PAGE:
However, I am not someone who takes things blindly. If something is going to dictate every aspect of my life, then I demand indisputable perfection and sensibility in it. I don’t want to believe in Islam because I’m told to or was raised to, but because I have analyzed it and it passes every test. In fact, the Qur’an encourages us to critically analyze the religion. So I took my religion and my efforts to understand it very seriously.
Please remember that as you read the rest of this letter.
The Tip of the Iceberg
To quell my shaky faith, I often looked to the Qur’an for confirmation, but was repeatedly irritated by its contradictions and vagueness, not only in scripture, but also in its history (short link / long link). And the serious issue of abrogation, which is worrisome as a concept in a divine book as it is, but when I investigated the abrogation concept, it led me back to the frustrating contradictions I began my inquiry with.
I was also perplexed by the fact that the Quran adopted ancient legends and myths in its stories, including the biggest lie of all time.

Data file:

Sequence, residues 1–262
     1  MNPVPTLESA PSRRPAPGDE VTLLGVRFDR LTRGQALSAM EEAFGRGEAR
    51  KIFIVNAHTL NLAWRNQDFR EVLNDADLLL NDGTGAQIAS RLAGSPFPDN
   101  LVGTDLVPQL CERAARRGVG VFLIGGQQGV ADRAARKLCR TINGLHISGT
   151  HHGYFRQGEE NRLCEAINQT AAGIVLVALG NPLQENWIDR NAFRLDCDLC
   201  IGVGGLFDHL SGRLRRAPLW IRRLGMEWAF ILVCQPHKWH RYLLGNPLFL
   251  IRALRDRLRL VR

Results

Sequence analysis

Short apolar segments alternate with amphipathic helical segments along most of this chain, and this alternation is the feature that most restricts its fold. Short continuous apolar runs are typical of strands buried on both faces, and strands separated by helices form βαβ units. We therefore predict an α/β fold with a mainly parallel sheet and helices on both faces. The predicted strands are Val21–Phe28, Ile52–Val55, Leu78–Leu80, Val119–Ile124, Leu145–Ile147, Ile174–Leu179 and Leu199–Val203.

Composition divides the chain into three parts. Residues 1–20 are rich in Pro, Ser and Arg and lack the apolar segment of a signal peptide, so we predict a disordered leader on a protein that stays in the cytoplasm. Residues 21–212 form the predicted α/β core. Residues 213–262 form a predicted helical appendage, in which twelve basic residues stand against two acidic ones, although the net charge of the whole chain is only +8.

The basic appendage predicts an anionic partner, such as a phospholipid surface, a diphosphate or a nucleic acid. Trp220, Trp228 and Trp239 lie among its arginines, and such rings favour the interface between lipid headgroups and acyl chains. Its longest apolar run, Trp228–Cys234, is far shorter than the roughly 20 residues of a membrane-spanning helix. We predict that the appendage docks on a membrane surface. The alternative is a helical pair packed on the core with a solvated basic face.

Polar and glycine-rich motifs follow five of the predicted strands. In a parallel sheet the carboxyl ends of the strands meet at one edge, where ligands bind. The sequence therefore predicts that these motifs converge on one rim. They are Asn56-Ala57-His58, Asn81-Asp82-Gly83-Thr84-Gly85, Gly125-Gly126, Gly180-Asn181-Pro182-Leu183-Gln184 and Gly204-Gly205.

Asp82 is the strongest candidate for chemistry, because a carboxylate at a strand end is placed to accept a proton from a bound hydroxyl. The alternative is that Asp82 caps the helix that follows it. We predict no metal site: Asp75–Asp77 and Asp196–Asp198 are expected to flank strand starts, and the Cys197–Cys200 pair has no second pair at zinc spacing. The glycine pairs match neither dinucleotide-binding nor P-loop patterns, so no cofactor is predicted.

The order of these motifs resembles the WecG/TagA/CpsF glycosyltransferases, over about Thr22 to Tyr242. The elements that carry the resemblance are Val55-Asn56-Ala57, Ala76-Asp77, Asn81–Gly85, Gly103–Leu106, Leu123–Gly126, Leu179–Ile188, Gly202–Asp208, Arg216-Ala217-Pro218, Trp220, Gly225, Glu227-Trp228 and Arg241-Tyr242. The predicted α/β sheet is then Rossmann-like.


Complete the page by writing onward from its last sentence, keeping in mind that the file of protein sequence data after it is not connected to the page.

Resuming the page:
The numerous scientific “miracles” in the Qur’an? These claims were either already known information at the time or flat out wrong.
No matter how one tries to justify or explain things, the Quran allows for domestic violence. The Qur’an allows for pedophilia. The Qur’an allows for a general injustice towards women. Worst of all, the Qur’an is extremely vulnerable to perversion because of how vague it is, among countless other issues with this book. And all this, for a book which is supposed to be perfect.
The deceptive commentaries and explanations scholars project onto the Qur’an were also troublesome and made me wonder why so much clarification was needed to understand a supposedly clear message, as Allah Himself states about the Quran.